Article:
Overflow incontinence is the constant dribbling of urine that occurs in a bladder that never completely empties. So, as urine arrives in an already full bladder, the excess spills out like water flowing over a dam. Overflow incontinence is more common in older men with benign prostate hyperplasia (BPH) and in people with damage to their spinal cord that has resulted in a bladder that cannot contract effectively. Neurogenic bladder associated with overflow incontinence is caused by the loss of sensation of bladder fullness due to damage or obstruction of sacral nerves. Bladder weakness can develop in both men and women, but it happens most often in people with diabetes, heavy alcohol users, and others with decreased nerve function (multiple sclerosis, stroke, Parkinson Disease).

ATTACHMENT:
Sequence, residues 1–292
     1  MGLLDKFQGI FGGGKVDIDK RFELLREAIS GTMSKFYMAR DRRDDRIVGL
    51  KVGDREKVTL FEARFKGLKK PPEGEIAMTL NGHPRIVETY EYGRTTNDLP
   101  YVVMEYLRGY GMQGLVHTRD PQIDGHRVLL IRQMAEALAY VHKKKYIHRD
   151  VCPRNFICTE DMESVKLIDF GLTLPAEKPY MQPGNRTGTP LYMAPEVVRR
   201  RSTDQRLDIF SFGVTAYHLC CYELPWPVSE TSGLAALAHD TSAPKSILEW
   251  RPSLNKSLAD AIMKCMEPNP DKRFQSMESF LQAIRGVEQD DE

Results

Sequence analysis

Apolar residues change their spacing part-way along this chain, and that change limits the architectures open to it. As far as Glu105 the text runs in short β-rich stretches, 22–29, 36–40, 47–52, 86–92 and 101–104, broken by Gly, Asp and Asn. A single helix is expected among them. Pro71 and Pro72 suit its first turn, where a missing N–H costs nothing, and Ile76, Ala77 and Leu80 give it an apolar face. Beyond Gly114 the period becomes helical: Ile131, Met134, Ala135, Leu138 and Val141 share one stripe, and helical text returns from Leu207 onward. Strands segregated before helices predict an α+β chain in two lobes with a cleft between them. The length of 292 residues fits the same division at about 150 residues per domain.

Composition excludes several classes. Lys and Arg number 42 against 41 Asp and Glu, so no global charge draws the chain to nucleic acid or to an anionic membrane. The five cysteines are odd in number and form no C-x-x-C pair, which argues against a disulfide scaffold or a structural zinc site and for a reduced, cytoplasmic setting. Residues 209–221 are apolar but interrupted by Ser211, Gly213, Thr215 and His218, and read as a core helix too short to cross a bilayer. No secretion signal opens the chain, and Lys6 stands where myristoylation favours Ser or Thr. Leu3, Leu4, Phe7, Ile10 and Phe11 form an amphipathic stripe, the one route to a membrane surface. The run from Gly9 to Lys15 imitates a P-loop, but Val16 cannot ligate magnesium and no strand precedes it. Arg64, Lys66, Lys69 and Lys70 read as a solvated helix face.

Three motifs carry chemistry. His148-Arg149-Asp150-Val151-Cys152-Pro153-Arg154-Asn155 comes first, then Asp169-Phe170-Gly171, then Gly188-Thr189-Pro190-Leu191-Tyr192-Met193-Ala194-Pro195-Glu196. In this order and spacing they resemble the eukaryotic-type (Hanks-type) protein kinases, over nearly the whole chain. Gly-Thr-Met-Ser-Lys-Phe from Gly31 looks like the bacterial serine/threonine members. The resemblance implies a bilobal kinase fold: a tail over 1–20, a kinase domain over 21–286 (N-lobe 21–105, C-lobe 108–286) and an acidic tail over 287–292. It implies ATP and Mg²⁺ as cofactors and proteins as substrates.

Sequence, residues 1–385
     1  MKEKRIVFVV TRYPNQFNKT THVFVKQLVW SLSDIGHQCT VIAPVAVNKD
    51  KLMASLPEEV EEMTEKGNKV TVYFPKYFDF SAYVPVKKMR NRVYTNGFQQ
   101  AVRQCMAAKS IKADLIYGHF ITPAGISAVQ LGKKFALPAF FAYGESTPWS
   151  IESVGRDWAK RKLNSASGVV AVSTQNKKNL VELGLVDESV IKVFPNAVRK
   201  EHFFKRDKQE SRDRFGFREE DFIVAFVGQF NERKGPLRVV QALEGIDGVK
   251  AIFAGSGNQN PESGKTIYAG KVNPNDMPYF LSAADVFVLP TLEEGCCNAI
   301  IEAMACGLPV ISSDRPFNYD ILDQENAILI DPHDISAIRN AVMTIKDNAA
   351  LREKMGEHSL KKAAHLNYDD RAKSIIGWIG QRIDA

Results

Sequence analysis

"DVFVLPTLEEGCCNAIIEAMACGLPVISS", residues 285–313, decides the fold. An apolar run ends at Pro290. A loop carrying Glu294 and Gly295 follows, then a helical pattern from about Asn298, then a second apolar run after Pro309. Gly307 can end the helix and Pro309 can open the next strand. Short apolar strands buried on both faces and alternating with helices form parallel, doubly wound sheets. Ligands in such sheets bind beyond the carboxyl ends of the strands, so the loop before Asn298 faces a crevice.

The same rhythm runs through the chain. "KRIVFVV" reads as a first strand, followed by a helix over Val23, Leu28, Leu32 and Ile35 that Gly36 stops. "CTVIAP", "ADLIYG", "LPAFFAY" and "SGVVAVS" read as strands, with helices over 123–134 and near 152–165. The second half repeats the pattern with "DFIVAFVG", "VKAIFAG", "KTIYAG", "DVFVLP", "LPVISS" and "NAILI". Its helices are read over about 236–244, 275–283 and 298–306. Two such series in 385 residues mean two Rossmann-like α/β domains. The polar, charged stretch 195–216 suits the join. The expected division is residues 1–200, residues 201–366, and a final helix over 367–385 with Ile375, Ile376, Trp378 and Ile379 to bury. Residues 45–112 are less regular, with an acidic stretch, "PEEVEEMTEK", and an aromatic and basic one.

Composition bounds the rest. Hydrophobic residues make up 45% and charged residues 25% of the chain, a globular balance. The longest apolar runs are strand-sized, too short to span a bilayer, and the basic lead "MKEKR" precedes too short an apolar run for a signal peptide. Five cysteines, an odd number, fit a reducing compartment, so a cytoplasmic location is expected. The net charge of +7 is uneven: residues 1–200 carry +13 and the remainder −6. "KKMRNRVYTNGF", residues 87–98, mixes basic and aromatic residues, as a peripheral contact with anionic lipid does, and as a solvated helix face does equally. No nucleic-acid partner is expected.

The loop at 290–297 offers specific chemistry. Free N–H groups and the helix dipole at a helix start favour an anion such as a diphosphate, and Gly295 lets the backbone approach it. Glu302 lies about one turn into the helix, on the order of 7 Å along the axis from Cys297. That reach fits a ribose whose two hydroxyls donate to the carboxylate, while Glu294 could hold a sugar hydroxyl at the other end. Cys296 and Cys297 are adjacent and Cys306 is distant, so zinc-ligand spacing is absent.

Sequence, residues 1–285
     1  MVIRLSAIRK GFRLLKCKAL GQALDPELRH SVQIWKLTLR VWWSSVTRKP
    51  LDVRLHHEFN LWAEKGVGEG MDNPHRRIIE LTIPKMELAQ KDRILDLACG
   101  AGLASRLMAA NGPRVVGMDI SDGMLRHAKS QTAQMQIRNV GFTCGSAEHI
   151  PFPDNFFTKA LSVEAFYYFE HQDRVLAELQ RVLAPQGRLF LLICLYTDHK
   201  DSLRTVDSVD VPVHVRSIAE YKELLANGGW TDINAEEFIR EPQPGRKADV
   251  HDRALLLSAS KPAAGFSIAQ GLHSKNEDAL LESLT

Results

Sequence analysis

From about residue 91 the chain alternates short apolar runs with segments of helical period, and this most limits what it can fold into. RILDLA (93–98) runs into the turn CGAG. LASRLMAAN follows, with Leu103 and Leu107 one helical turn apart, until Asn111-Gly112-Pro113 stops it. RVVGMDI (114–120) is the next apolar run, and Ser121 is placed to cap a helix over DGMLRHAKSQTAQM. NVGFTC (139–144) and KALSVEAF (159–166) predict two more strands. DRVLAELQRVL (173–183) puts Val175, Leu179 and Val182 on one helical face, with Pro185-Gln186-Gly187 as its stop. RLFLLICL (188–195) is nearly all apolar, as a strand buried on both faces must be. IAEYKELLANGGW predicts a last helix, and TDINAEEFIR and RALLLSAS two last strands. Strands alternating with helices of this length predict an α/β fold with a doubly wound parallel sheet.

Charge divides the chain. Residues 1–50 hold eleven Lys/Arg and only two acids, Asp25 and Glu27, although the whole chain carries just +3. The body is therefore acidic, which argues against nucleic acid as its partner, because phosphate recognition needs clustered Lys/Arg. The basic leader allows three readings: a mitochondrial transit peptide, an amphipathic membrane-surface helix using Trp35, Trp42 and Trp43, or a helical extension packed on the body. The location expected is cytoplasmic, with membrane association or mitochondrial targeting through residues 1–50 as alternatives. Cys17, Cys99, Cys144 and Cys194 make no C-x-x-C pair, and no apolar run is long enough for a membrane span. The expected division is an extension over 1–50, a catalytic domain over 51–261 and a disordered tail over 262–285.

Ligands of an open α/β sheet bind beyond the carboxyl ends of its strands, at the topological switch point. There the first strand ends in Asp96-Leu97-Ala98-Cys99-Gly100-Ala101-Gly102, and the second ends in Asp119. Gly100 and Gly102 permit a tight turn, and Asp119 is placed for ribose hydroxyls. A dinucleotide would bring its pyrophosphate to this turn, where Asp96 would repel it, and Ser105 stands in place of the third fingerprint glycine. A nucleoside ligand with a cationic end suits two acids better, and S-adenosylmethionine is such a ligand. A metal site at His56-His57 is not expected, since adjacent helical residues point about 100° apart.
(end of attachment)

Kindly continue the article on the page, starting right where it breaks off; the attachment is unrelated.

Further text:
Your urologist can determine the cause of overflow incontinence with a few tests including:

  • Health history and physical exam
  • Urodynamics - a test that involves putting a small tube into the rectum and a small tube into the bladder and taking measurements during bladder filling and emptying


Overflow incontinence is treated differently depending on the cause. For patients with overflow incontinence due to blockage of their urinary flow from a large prostate treatment includes:

  • Medications to relax or shrink the size of the prostate
  • Intermittent self-catherization for patients with neurogenic bladder
  • Microwave therapy to shrink the size of the prostate
  • For men, minimally invasive surgery using laser or electrocautery to remove the prostate tissue that is blocking the flow of urine
  • For men, open surgery to remove the prostate tissue that is blocking the flow of urine